Putin Other Leaders Arrive in Armenia for Defense Summit

YEREVAN (RFE/RL)–Leaders of Russia and four other former Soviet republics converged on Yerevan Thursday for the CIS Collective Security Council Summit. Tight security measures were in place as motorcades of the five presidents–including Russia’s Vladimir Putin–raced through the city center. Police vehicles patrolled the 10-kilometer highway linking Zvartnots Airport to the capital. The road was closed to traffic for much of the day.

The signatories of the Collective Security Treaty (CST) – Armenia–Belarus–Kazakhstan–Kyrgyzstan and Tajikistan–Russia – will on Friday hold a one-day session aimed at giving a new boost to their military cooperation.

Kazakh President Nursultan Nazarbayev arrived in Yerevan on Wednesday–starting a two-day official visit preceding the summit. Nazarbayev said on Thursday that he was against an Azerbaijani proposal at a recent summit of Turkic-speaking states to accuse Armenia of "military aggression" because he thought the move would "complicate" resolution of the Nagorno-Karabakh conflict.

The Azerbaijani delegation tried unsuccessfully to include the passage in the final communiqu of last month’s meeting in Istanbul of the presidents of Turkey–Azerbaijan–Turkmen’stan–Kazakhstan and Kyrgyzstan.

"Statemen’s like that do not resolve anything," Nazarbayev said. "They only worsen relations between states and peoples."

The Kazakh president was speaking at a meeting with the faculty of Yerevan State University on the second day of his visit to Armenia. He said the forum of the Turkic-speaking nations should not acquire a strong political dimension. Its main mission should be the promotion of cultural links between the ethnically close peoples populating the vast geographical area–Nazarbayev added.

"We are talking about normal inter-state relationships–about cultural and economic links between normal people with the same language roots and history," he said. "Therefore–turning such meetings into a means for solving certain political issues and for drawing us into conflicts is not acceptable."

Nazarbayev also stated that policy of talking about the Armenian Genocide is wrong when it aggravates relations between countries. He stressed–however–his unwillingness to interfere in the internal affairs of either Armenia or Turkey.

Qualifying the great losses suffered by the Kazakh people in the years of Stalin’s policy of collectivization as "genocide" (according to Nazarbayev–40% of the Kazakh people perished at that time)–he pointed out that any murder of innocent people is a genocide. At the same time–the Kazakh president expressed doubts about the advisability of "concentrating on the events that occurred a hundred years ago." According to him–it means remembering bad things without wishing good. It all depends on what goals are being pursued by those speaking about the Genocide. Nazarbayev said that no compensation is possible–nevertheless–"political recognition is possible–but what will be the result – aggravated relations between the countries."If it did take place–one must admit it and leave it to history–continuing to do good deeds that are needed today," Nazarbayev said.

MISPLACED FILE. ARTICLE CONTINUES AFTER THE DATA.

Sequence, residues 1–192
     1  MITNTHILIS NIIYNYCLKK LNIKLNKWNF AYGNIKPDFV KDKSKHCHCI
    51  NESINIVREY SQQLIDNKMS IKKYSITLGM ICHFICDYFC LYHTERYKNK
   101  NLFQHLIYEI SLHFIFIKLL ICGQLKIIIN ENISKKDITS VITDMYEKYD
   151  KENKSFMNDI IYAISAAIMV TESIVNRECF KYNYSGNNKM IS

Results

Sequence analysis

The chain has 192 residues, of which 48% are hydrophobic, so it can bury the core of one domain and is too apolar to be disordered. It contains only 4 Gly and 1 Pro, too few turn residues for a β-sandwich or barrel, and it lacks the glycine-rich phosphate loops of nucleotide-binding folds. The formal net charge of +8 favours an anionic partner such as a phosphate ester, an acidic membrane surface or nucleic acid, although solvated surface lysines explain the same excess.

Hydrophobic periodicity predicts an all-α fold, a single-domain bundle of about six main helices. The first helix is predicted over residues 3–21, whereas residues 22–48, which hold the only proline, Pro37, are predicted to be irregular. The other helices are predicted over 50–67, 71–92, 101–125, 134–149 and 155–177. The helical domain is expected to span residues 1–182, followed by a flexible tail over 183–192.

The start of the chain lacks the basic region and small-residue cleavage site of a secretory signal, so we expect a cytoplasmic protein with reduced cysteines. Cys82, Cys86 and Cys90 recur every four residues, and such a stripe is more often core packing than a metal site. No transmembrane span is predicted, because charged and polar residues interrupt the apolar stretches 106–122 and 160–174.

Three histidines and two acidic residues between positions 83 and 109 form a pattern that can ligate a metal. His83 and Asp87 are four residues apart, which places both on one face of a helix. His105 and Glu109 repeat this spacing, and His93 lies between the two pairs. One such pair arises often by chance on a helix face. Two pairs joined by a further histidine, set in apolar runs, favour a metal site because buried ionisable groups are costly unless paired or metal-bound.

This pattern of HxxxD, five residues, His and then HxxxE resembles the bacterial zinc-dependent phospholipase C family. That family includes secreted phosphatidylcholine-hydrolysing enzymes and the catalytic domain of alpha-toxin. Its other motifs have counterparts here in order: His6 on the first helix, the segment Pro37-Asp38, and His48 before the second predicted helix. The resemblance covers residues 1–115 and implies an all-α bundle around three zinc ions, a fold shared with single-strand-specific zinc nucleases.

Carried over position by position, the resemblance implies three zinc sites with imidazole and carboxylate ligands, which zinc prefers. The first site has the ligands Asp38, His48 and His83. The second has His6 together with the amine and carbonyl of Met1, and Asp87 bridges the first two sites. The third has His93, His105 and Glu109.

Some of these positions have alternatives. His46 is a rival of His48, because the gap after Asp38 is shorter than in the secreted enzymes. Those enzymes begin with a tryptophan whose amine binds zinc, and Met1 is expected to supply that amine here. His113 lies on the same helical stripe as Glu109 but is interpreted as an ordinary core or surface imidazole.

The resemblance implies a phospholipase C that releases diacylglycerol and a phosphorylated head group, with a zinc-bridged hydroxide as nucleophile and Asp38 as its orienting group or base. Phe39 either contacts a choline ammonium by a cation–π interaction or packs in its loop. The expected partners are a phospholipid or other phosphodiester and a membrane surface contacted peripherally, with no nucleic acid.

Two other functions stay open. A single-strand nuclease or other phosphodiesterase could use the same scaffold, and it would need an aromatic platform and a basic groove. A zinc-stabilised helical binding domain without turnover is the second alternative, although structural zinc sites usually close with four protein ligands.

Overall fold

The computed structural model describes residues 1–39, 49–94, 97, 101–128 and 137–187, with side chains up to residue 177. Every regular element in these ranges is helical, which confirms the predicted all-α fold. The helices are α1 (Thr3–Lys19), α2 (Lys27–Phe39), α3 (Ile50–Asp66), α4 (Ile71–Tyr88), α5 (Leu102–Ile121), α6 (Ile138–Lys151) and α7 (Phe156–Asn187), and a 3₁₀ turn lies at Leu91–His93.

Vladimir Putin–the first Russian president to visit Armenia’since 1991–met his Armenian counterpart Robert Kocharian shortly after his arrival from the flood-stricken eastern Siberia. The two men discussed bilateral relations and the unresolved Nagorno-Karabakh conflict–Kocharian’s press service said. They "exchanged thoughts" on the recent developmen’s in the Karabakh peace process.

Armenia and Russia–which have maintained close military links since the break-up of the Soviet Union–will use the summit to formalize their decision to form a joint military contingent to be deployed near Armenia’s border with Turkey within the CST framework. Armenian officials have said the joint unit could have up to 10,000 soldiers and over a hundred pieces of military hardware.

The summit will also approve plans for the creation of a "rapid reaction force" to counter what the treaty’s signatories see as an Islamist threat to the ex-Soviet republics of Central Asia. Armenia and Belarus will not commit troops for the force. The six leaders will issue a joint statement expressing their intention to strengthen CST structures that are still taking shape.

The treaty was originally singed in 1992 by nine out of twelve members of the Commonwealth of Independent States. Three of them – Azerbaijan–Georgia and Uzbekistan – refused to renew their participation in the joint defense framework two years ago on the grounds that it had proved ineffective and too dependent on Russia.

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